It was said they found a fiber on the knife in our butcher block (a bread knife) that was similar to the screen, but they couldn’t tell us if it was definite.
Charles Linch, a trace analyst with Southwestern Institute of Forensic Sciences (SWIFS), received a butcher block with eight knives from the Routier’s kitchen. He examined each knife individually, but found fiber evidence on only the serrated bread knife. After removing those fibers to a microscope, he conducted ten to fifteen test cuts on an identical screen from the Routier’s garage. Each and every time he ended up with fiberglass rods that were in every way microscopically identical to the one recovered from the bread knife. He also ended up with rubber debris with glass particles embedded and a dark pigmentation, all of which were in every way microscopically identical to the debris recovered from the bread knife.
Linch looked for other possible sources of fiberglass in the house, such as packaging tape, computer circuit boards, and insulation. The only thing he found was some burned fiberglass in the upstairs fireplace, but it was a very different type of fiberglass from the screen. What made his finding so compelling was the combination of fiberglass rods and rubber material on the bread knife.
Davis: Mr. Linch, when you found the fiberglass and the rubbery material on that knife blade and you found the same material in that window screen, did you look at other sources of fiberglass?
Linch: Yes. In looking at other sources of fiberglass, I didn’t find the fiberglass in combination with the material (rubber dust particles) that was the same as the screen.
Linch also testified that “at the bottom of that defect (i.e., the vertical cut of the “T” in the garage window screen), the fibers are denuded and in more extreme fashion than up at the top. So that is consistent with a serrated knife withdrawal from the screen.”
(Charles Linch, Sec. 2899, 2927- 2928)
On cross-exam, Mosty employed a multi-pronged approach. First, he tried to raise doubt by emphasizing the different amount of each material produced by the test cuts. Why was there only one fiberglass rod on the bread knife, but there were 3 or 4 rods when Linch conducted his tests?
Mosty: So, in — but the two tests, the rubber dust is similar from the test to the knife, but the fiberglass rods are dissimilar from the test to the knife?
Linch: Only in the number found.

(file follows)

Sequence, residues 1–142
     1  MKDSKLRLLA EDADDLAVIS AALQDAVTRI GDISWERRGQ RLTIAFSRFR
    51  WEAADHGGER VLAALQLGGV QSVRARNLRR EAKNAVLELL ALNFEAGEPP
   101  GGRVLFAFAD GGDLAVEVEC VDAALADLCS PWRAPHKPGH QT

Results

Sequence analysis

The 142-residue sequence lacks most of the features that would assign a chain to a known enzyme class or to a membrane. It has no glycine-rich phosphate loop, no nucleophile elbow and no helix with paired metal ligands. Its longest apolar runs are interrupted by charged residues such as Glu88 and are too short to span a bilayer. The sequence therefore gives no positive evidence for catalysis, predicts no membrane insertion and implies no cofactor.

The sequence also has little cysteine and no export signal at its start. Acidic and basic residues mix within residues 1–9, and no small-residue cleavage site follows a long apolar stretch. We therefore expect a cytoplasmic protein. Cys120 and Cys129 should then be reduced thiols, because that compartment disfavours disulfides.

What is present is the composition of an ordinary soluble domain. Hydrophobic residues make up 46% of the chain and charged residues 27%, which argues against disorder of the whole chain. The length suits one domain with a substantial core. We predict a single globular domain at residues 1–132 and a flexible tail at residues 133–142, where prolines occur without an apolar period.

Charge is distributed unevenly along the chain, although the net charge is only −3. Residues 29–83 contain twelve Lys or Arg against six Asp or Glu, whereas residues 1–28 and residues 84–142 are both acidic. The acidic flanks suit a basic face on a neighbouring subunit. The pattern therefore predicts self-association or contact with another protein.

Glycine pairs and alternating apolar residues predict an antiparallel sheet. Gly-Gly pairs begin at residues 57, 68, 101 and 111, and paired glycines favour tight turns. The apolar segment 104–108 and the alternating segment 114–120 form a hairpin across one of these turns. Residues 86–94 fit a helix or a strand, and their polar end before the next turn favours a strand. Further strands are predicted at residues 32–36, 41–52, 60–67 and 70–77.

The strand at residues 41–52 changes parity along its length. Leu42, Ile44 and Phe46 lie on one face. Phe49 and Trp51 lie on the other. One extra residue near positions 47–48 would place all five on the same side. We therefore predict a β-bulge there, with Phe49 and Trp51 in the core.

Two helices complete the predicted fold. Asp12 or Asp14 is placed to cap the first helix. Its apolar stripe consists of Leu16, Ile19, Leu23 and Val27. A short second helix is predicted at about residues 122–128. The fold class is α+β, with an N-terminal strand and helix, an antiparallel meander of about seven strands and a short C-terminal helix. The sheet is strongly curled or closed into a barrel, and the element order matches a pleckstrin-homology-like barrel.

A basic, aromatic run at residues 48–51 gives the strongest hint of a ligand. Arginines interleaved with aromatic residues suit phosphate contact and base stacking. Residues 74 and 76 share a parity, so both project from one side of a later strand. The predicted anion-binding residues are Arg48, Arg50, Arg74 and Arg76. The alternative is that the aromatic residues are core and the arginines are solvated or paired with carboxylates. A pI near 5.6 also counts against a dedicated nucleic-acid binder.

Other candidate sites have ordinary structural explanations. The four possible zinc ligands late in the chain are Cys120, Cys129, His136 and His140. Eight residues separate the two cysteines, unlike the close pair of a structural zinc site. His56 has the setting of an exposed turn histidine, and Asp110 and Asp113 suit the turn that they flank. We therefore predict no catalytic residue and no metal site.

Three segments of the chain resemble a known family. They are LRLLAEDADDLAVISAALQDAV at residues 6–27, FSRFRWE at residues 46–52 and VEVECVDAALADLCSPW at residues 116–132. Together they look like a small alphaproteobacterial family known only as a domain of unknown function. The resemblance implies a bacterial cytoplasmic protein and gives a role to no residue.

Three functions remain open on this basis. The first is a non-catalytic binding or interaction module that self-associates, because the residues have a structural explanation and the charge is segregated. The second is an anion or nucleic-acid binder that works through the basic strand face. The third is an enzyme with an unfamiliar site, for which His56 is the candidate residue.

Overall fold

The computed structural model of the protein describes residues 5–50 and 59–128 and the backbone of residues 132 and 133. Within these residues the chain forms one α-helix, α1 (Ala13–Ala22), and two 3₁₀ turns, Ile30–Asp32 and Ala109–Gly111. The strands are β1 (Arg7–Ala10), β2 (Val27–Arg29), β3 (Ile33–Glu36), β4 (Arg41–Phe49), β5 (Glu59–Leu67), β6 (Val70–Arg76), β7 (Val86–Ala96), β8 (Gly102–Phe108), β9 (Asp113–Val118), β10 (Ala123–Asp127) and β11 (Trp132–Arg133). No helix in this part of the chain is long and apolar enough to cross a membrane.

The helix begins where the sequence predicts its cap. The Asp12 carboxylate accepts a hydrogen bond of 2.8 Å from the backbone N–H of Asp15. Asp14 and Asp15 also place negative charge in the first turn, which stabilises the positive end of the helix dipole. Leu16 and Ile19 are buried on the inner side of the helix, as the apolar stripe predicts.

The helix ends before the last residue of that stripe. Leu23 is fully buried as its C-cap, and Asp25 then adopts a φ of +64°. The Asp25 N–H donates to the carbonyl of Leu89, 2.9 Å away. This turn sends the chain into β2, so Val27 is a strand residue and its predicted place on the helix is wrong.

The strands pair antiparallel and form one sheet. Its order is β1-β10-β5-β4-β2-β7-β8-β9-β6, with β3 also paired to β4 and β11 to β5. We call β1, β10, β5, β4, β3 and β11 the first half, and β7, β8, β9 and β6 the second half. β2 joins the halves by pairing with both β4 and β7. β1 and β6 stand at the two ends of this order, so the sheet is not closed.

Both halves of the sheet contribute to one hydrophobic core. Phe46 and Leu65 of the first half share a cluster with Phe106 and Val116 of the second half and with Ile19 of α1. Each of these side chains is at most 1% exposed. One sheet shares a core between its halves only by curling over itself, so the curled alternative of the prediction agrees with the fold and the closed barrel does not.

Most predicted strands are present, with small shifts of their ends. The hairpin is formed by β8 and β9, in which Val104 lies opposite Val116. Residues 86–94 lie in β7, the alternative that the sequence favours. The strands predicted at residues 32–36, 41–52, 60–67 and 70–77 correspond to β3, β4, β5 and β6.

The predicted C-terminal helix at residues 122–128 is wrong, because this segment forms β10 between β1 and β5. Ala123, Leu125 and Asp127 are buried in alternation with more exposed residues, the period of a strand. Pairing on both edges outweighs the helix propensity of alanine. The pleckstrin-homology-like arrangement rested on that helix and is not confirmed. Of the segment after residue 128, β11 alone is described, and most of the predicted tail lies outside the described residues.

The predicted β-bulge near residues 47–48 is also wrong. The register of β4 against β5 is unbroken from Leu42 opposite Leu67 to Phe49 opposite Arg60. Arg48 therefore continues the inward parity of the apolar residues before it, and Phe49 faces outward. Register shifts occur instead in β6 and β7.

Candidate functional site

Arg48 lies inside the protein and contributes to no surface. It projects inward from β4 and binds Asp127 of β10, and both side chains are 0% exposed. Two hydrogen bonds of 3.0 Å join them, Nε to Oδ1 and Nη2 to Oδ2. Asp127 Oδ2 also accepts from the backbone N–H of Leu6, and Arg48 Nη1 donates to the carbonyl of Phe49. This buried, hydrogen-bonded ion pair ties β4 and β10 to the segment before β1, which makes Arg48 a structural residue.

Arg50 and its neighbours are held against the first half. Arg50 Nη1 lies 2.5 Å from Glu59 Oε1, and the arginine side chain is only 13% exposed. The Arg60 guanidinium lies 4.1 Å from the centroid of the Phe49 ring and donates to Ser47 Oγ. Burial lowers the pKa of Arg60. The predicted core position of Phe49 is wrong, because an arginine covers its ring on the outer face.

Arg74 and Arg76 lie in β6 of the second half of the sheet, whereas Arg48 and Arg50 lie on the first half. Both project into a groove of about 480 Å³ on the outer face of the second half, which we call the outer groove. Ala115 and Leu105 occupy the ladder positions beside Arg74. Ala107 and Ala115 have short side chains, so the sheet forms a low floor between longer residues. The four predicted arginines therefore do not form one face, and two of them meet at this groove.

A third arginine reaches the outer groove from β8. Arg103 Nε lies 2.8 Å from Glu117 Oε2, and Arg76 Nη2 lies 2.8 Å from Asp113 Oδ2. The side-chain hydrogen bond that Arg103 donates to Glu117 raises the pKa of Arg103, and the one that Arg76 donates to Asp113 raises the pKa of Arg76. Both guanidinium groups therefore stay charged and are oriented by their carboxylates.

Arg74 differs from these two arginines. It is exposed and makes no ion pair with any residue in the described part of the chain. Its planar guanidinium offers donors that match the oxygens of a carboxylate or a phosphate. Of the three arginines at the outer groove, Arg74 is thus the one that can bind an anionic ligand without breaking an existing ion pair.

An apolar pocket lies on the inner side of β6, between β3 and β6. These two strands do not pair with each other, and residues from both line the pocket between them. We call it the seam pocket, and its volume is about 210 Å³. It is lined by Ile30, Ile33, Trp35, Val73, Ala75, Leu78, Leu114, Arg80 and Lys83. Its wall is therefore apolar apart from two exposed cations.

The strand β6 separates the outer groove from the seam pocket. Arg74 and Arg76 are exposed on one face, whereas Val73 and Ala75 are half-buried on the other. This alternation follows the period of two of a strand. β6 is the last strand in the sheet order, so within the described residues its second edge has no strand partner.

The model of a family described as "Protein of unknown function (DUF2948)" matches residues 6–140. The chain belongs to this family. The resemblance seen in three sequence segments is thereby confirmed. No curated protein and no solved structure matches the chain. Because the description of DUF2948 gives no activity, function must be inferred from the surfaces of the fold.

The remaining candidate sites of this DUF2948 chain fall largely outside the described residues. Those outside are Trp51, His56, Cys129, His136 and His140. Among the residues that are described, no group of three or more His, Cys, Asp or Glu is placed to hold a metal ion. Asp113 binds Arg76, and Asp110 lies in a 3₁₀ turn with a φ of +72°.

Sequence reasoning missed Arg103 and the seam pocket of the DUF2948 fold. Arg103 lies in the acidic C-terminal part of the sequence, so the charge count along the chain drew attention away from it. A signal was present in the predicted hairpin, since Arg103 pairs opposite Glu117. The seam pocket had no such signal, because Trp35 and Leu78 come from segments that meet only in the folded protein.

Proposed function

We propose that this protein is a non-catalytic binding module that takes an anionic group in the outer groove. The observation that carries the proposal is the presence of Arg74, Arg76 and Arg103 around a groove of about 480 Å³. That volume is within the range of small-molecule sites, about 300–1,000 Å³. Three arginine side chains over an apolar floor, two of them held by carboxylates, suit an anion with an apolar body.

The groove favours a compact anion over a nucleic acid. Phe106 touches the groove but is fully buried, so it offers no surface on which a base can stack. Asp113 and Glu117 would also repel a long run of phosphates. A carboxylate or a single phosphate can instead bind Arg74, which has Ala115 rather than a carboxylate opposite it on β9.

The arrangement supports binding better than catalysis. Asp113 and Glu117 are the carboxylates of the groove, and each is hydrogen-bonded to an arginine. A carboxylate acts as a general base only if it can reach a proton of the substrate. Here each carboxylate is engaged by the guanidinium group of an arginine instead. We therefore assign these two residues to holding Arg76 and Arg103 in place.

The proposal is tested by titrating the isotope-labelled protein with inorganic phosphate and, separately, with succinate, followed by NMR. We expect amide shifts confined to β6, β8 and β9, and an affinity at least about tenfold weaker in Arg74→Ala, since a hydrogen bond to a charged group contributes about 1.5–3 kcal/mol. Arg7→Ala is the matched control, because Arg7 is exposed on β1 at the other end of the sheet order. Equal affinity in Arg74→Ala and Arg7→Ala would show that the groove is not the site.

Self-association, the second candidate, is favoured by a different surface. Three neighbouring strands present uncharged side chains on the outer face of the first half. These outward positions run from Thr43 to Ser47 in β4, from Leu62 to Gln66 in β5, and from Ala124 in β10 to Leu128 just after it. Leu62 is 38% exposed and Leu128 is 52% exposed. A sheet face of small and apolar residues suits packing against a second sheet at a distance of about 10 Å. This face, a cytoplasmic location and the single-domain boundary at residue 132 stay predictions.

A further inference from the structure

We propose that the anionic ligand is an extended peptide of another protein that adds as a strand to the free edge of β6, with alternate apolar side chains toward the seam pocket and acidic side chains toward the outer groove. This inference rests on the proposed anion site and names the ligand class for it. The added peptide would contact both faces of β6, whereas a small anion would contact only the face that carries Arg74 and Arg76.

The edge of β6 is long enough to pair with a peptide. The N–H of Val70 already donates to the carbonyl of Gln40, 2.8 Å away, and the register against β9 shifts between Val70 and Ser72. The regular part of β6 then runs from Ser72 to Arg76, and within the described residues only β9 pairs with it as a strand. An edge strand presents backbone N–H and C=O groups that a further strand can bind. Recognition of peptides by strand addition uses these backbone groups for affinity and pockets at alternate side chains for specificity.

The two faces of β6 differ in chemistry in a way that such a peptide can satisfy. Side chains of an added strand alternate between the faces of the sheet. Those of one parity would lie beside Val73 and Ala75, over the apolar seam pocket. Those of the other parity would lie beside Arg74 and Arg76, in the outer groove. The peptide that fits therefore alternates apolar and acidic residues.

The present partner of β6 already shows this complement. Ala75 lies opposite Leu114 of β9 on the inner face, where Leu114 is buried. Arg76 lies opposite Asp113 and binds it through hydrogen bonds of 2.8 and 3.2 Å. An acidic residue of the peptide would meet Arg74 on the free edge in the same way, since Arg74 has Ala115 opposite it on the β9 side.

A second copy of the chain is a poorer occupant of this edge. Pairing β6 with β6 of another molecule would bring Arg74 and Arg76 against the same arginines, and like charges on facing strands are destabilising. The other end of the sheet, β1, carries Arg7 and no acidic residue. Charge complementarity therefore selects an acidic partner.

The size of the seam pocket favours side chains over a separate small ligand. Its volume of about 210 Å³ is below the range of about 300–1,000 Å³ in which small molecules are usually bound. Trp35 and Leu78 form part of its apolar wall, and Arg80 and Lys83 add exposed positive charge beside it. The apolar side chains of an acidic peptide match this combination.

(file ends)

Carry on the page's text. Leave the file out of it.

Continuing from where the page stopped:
Mosty: Right. So in that sense the testing was inconsistent with what was found on the knife.
Linch: Not necessarily. You can’t expect to do a test and have exactly the same amount of debris wind up at the examining table.*
Mosty: So you could draw the conclusion that what you found on the screen was inconsistent with your testing?
Linch: No. It’s not inconsistent. It’s very consistent.
(Charles Linch, Sec. 3027-3028)
* To clarify, Linch meant that because his test knife went directly from the screen to the examining table, there was less opportunity for any fiberglass rods to fall off. That’s why his test cuts resulted in a few more rods than were found on his initial inspection of the bread knife. The rods were all microscopically identical; only the quantity differed. The State’s theory was that Darlie used the bread knife to cut the screen and then carried it back to the kitchen. In that scenario, some fiberglass rods would fall off the knife as she moved from one room to another.
Mosty then turned his attention to the rubber dust particles found on the bread knife.
Mosty: And you couldn’t run a test like DNA on that dust?
Linch: There is a test that can be done. I wasn’t able to get these things removed to the proper surface in order to do the test. I attempted, but couldn’t do it.
Mosty: So there wasn’t even enough to run a scientific test to determine whether or not that was a particular type of rubbery material?
Linch: That’s correct. The absolute chemical identification of that rubber dust was not accomplished, because the particles are too minute.
Mosty: Ok, and those are the molecular structures that you were not able to observe?
Linch: Nobody would be able to.
Mosty: I don’t fault you for it.
Linch: Well, no.
(Charles Linch, Sec. 2994-3014)